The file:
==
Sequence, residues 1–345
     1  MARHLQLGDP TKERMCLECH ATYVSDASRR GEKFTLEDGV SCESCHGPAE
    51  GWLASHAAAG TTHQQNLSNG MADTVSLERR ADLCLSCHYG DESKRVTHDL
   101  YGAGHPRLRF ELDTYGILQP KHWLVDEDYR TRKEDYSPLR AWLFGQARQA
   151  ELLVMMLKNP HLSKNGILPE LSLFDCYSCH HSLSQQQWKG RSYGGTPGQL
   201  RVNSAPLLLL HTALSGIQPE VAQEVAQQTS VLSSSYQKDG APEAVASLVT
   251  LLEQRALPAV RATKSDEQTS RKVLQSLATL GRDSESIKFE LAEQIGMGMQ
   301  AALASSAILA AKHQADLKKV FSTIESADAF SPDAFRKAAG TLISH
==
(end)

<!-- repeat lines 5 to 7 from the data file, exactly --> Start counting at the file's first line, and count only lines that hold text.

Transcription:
   151  ELLVMMLKNP HLSKNGILPE LSLFDCYSCH HSLSQQQWKG RSYGGTPGQL
   201  RVNSAPLLLL HTALSGIQPE VAQEVAQQTS VLSSSYQKDG APEAVASLVT
   251  LLEQRALPAV RATKSDEQTS RKVLQSLATL GRDSESIKFE LAEQIGMGMQ